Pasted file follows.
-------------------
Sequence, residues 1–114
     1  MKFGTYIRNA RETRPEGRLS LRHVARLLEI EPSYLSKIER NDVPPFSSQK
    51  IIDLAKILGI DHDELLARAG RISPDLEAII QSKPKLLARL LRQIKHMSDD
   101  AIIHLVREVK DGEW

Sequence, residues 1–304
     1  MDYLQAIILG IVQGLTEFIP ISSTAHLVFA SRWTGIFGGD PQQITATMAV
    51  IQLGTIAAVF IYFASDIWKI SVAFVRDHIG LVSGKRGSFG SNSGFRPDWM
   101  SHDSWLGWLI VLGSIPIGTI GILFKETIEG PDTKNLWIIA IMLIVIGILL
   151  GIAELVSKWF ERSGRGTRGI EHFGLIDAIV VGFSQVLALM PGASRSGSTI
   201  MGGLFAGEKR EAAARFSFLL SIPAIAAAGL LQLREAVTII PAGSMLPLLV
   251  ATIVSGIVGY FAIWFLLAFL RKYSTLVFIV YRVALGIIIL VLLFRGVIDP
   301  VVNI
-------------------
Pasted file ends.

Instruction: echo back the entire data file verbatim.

Sequence, residues 1–114
     1  MKFGTYIRNA RETRPEGRLS LRHVARLLEI EPSYLSKIER NDVPPFSSQK
    51  IIDLAKILGI DHDELLARAG RISPDLEAII QSKPKLLARL LRQIKHMSDD
   101  AIIHLVREVK DGEW

Sequence, residues 1–304
     1  MDYLQAIILG IVQGLTEFIP ISSTAHLVFA SRWTGIFGGD PQQITATMAV
    51  IQLGTIAAVF IYFASDIWKI SVAFVRDHIG LVSGKRGSFG SNSGFRPDWM
   101  SHDSWLGWLI VLGSIPIGTI GILFKETIEG PDTKNLWIIA IMLIVIGILL
   151  GIAELVSKWF ERSGRGTRGI EHFGLIDAIV VGFSQVLALM PGASRSGSTI
   201  MGGLFAGEKR EAAARFSFLL SIPAIAAAGL LQLREAVTII PAGSMLPLLV
   251  ATIVSGIVGY FAIWFLLAFL RKYSTLVFIV YRVALGIIIL VLLFRGVIDP
   301  VVNI